|Publication number||US6106781 A|
|Application number||US 08/962,218|
|Publication date||Aug 22, 2000|
|Filing date||Oct 31, 1997|
|Priority date||Apr 6, 1992|
|Also published as||CA2092026A1, DE59300704D1, EP0564906A1, EP0564906B1|
|Publication number||08962218, 962218, US 6106781 A, US 6106781A, US-A-6106781, US6106781 A, US6106781A|
|Original Assignee||Roche Diagnostic Corporation|
|Export Citation||BiBTeX, EndNote, RefMan|
|Patent Citations (10), Referenced by (36), Classifications (16), Legal Events (6)|
|External Links: USPTO, USPTO Assignment, Espacenet|
The instant Application is a continuation of U.S. application Ser. No. 08/698,415 filed Aug. 15, 1996 now abandoned which is a continuation of U.S. application Ser. No. 08/521,257 filed Aug. 30, 1995, now abandoned, which is a continuation of U.S. application Ser. No. 08/188,341 filed on Jan. 27, 1994, now abandoned, which is a continuation of U.S. application Ser. No. 08/036,118, filed Mar. 23, 1993, now abandoned.
The invention relates to a station for processing analytical samples in cuvettes in a device for chemical and biochemical analysis comprising a conveyor for conveying cuvettes to individual processing stations.
Automatic analytical devices usually operate on the following principle: samples for analysis or parts thereof are placed in cuvettes and then subjected to a number of processing steps such as addition (pipetting) of reagents, mixing, incubation etc., and the reactions are measured repeatedly during processing and/or once at the end of processing. The operating sequence is usually as follows: the cuvettes containing the samples for analysis are disposed in a fixed sequence on a conveying means and travel through various processing stations, or alternatively in "batch" processing, as conventional in the case of "centrifugal" analysers devices, all the cuvettes are disposed on a carrier (rotor) and are subjected substantially simultaneously to be the processing steps and measurements. Analytical systems operating on these principles give good service in large clinics and analytical centres where large numbers of samples have to processed.
In view, however, of the present variety of possible forms of analysis and the medical requirements, particularly in clinical chemistry, it has been found that the automatic analytical devices hitherto used conventionally for throughput of large quantities of samples are not sufficiently flexible for providing analytical profiles (full random access) specifically adapted to individual patients or medical conditions, while still being able to handle a large number of samples from patients.
The aim of the invention, in general, therefore is to provide an analytical system which takes account of these requirements by being able to process a large number of samples for analysis with great flexibility with regard to the analytical profile applied to the individual sample. More particularly, the aim is to provide a processing station for an aforementioned analytical system.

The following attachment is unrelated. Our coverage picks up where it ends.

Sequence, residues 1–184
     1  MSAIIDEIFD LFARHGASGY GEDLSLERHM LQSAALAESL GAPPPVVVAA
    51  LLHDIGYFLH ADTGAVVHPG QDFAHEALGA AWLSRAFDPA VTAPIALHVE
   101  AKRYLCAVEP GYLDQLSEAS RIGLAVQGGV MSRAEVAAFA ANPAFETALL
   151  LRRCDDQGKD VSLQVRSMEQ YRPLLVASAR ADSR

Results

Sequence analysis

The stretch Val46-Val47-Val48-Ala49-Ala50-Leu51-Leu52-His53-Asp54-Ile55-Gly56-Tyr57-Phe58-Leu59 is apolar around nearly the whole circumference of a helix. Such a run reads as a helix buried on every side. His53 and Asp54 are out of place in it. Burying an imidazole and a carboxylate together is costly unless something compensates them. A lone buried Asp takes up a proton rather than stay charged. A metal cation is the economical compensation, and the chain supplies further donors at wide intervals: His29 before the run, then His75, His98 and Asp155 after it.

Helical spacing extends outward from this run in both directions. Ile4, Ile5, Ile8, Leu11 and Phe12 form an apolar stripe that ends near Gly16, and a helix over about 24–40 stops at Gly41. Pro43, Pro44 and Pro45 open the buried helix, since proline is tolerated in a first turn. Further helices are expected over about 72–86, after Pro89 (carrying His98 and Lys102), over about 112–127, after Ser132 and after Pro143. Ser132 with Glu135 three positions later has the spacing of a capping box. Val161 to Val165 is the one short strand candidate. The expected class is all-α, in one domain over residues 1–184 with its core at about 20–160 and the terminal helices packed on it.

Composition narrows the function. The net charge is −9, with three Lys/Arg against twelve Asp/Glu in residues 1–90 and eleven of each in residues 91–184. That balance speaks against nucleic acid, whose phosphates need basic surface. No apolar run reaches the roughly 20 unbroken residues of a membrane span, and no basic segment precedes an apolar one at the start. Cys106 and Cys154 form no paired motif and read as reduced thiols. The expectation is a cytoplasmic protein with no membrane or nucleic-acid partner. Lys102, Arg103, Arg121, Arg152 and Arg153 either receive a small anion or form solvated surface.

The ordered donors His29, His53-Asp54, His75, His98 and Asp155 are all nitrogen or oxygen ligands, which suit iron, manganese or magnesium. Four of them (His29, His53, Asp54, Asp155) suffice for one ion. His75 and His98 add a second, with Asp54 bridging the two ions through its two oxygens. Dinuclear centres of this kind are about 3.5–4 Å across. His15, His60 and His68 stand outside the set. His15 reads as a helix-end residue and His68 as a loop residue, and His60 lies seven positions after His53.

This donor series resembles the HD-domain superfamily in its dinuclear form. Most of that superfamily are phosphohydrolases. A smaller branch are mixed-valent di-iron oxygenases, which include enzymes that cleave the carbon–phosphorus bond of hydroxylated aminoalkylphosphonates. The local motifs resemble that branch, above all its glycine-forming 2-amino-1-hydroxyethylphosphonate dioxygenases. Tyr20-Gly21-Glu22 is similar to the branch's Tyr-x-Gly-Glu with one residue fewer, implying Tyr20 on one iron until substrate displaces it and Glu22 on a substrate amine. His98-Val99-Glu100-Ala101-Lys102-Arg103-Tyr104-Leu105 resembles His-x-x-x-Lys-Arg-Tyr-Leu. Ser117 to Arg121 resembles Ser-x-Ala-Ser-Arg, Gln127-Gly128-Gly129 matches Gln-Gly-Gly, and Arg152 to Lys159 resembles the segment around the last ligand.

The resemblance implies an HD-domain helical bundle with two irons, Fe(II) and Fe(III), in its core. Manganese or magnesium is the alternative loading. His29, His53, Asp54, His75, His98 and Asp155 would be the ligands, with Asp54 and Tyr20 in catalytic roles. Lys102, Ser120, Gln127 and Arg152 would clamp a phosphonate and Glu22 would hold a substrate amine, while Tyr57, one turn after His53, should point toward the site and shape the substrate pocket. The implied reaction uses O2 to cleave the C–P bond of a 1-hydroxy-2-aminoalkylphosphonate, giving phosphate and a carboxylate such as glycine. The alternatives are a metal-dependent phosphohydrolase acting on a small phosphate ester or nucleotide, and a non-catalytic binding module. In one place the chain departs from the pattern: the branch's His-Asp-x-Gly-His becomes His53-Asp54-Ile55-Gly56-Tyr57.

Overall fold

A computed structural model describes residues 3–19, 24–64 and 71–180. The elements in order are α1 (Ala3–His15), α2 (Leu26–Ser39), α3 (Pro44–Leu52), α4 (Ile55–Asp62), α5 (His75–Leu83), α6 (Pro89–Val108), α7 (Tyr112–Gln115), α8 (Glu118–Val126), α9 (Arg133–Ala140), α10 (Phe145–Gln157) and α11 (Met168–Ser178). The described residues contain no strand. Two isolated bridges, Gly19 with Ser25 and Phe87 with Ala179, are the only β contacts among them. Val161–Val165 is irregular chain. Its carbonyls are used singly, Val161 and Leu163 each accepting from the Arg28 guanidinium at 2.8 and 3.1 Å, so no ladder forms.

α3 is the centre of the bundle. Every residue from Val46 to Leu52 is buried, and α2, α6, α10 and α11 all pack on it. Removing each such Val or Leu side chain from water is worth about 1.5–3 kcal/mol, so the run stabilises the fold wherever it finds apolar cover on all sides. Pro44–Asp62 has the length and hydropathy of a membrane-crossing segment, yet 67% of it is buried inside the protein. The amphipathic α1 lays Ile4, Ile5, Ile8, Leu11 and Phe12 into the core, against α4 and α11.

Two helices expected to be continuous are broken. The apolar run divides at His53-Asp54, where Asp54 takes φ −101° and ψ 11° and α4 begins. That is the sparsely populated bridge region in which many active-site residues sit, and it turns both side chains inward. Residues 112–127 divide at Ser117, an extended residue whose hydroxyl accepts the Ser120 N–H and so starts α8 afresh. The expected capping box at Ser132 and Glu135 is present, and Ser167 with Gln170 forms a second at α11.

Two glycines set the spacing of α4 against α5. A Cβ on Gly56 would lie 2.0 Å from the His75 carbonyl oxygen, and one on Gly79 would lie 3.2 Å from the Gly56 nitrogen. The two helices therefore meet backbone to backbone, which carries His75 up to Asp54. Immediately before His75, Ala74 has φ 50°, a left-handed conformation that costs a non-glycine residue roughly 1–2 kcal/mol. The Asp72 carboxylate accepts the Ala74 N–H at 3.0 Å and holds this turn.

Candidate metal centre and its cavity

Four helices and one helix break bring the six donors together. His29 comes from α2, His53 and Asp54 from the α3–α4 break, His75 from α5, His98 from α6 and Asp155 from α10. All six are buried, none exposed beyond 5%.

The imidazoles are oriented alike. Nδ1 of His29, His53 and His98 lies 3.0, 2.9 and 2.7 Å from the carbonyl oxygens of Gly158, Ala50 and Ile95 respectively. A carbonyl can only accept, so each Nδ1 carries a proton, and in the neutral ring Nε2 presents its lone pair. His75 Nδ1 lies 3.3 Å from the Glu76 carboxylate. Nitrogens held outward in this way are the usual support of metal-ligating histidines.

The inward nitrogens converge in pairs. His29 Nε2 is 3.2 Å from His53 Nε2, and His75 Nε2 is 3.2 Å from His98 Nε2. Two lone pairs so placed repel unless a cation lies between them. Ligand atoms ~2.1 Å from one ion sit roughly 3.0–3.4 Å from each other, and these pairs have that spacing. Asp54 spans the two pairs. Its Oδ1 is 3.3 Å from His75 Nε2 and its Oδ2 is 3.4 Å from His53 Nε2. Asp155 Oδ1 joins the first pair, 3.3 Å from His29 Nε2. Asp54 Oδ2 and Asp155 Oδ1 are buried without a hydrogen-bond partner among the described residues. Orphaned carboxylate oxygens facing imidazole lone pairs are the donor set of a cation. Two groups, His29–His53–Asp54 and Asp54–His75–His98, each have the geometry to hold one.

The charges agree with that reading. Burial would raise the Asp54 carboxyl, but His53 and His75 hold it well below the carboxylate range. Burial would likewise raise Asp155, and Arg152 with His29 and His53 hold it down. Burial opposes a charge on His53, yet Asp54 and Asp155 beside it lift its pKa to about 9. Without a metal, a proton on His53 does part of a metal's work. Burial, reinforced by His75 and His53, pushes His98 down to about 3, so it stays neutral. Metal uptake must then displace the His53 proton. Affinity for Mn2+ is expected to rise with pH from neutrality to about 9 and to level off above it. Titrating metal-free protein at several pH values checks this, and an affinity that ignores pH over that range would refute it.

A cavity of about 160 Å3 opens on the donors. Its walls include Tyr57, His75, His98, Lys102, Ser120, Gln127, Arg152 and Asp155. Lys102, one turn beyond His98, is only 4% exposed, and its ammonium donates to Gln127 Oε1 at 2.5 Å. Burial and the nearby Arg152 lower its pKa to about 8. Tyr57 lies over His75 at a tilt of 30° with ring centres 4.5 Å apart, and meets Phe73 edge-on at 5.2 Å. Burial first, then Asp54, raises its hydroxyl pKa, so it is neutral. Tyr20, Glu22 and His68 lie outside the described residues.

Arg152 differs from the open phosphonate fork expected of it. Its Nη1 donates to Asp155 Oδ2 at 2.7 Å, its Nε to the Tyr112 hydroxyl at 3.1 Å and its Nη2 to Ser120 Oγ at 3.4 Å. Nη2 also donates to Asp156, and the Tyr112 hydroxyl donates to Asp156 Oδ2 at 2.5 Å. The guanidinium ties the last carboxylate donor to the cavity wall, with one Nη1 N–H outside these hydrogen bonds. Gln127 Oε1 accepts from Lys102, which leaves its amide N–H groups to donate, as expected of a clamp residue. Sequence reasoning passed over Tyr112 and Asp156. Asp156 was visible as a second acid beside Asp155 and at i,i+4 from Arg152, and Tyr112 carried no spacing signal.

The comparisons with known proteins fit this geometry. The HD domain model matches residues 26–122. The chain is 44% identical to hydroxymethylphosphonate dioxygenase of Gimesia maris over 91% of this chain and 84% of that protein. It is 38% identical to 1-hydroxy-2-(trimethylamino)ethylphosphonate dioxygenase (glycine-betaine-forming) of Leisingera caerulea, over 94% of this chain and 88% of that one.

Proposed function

This is achieved according to the invention by providing means for removing individual cuvettes from the conveyor, for transferring the individually to the position for processing and for returning the cuvettes to the conveyor after processing.
Preferably the aforementioned means comprise a change-over and positioning device and a device for simultaneously controlling the positions of the change-over and positioning device and controlling a mixing process during processing.
The processing station according to the invention is of use in an analytical device which is described in the simultaneously-filed European patent application No. 92.105903. Reference is hereby made to this description.
An embodiment of the invention will now be described with reference to the accompanying drawings, in which:
FIG. 1 is an axonometric representation of the device before removal of a measuring cuvette from a rotor magazine;
FIG. 2 is a view corresponding to FIG. 1 in the pipetting position of the cuvette and mixing of the cuvette contents, and
FIG. 3 is a diagrammatic view of the control cam arrangement.
A circular rotor 2 shown in FIGS. 1 and 2 and rotatable by a drive (not shown) through exact angular steps in both directions of rotation, serves as a transport magazine for cuvettes 1. The cuvettes 1 are held at the outer edge of the rotor, in that they have a flange 1' on their top surface which rests on a flat annular surface at right angles to the rotor axis, and simultaneously one wall surface of each cuvette abuts the substantially cylindrical outer surface of the rotor, and also resilient tongues 3 are associated with each cuvette position and extend radially over the cuvette and to this end, on their underside, have a projection (not shown) which engages in a recess in the cuvette flange 1'. The resilient holder holds the cuvettes so that they cannot fall out even when the rotor rotates. On the other hand, by means of the resilient holder, the cuvettes can easily be removed or inserted manually or by a mechanical gripping mechanism.
A detailed description of the rotor and the operation thereof is given in the simultaneously filed European patent application No. 92.105902. Reference is hereby made to this description.